March 21, 2005
Masaula is a village in the Chingale region. We traveled about 40 miles off the main tarmac road to get to this remote region. I can’t even say that this road was full of potholes, because the ditches, ruts and mud holes in this road were mammoth. To say it was a bumpy ride does not even begin to describe the way the car maneuvered through gullies and fishtailed through massive mud puddles. But we arrived safely and with the truck still intact.
As I have already noted, most people in remote regions such as this are subsistence farmers. The one industry in the area, a cement factory, closed several years ago, leaving a scarred and barren landscape. There are no rivers or major sources of water, so when the rains fail, so do crops. Out in the bush, the effects of this are felt immediately.
We visited a clinic in Masaula Village which tries to alleviate some of the suffering. The clinic nurses and healthcare workers divide the people into groups. It reminded me of triage. There were 50 kilo (about 100 lbs.) bags of maize to be given out to the people that needed it the most.
The people who were first in line were women who had babies that were malnourished. Many of the women themselves were in distress and did not have enough milk to nurse their babies, which compounded the problem. There was also a line of pregnant women who were losing, instead of gaining, weight. The nurse, Julie, just shook her head at the people in the third line. “Here is a baby who is brain damaged and is running a high fever. There is really no hope for him,” she told us. Then she pointed out another mother and child. The mother was emaciated and had sunken cheeks. She was clutching a tiny baby that looked about 3 months old. “That child is over a year old,” Julie noted.
I will not even attempt to tell you what goes through your heart and mind when these people look at you with desperation. As you can imagine, it is heartbreaking.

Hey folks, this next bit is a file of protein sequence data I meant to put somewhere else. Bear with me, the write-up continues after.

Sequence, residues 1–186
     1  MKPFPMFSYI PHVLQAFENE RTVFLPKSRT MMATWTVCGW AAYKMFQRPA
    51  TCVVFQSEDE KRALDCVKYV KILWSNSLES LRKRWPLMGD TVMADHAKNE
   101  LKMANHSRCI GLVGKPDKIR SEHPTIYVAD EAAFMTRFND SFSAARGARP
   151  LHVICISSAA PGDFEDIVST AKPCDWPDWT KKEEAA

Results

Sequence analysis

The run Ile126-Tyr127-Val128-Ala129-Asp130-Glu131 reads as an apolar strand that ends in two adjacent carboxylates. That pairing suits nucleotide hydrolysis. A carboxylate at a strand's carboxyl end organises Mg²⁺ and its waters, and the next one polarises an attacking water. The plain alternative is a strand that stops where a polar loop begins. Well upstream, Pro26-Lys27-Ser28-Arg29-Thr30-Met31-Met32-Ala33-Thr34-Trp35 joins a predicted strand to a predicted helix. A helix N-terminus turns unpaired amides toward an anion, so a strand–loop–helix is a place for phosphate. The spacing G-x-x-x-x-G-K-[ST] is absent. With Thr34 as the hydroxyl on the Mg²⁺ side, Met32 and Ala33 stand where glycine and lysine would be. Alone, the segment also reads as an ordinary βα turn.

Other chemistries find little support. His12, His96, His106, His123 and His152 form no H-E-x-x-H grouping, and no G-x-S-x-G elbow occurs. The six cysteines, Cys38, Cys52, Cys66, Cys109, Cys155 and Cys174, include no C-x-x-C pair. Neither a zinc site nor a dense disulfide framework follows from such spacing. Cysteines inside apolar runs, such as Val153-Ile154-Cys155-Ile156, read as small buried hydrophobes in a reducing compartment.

Then we were ushered into a brick building. The first room was filled with AIDS patients. I have never seen such a disease racked group of people in my life. Most of them were young, and you could tell that they had been vibrant and strong, but the disease had ravaged their bodies and left sickly shells. They were all sitting on the floor, except for those that were too weak to even sit up. Their vapid expressions and vacant stares will stay with me until the day I die.
The next room was jammed with elderly patients. Some were blind or lame. All of them looked forlorn. They have seen their families and crops decimated by disease and drought. They know from experience that things are going to get worse as the year progresses. There is little hope. Yet they come to the clinic because it offers a respite, a bit of food and some solace for their souls. To say that life is hard in Malawi does not even begin to describe what we saw at the Masaula clinic.
However, our next stop was much more encouraging. Malawians realize that one of the ways to begin solving their country’s massive problems is through education. That is why they are eager to learn about crop diversity, animal husbandry, and children’s healthcare. The thirst for knowledge extends beyond that, however. Since many children in poverty stricken areas are forced to drop out of school to help support their families, illiteracy is a huge problem. To combat it, PDA and other NGOs have banded together to fund adult literacy classes. These classes are very popular and the student’s thirst for knowledge is not dampened by the lack of basic supplies such as books, paper and pens. The teacher walks 5 miles to get to the classroom. Mothers nurse their babies as they practice writing. Men learn to read in the afternoons, after they have worked all morning. Their dedication to and enthusiasm for learning is inspirational.
During our visit, one student proudly read a letter, with a bit of coaxing from her teacher, that informed us about the basic tenants of the program. As we left the dark, dingy classroom, the students erupted in song. They escorted us to the truck, jubilantly singing and clapping. As we drove past the huts, withered fields of maize and ancient baobab trees we could still hear the sound of hope echoing in our ears.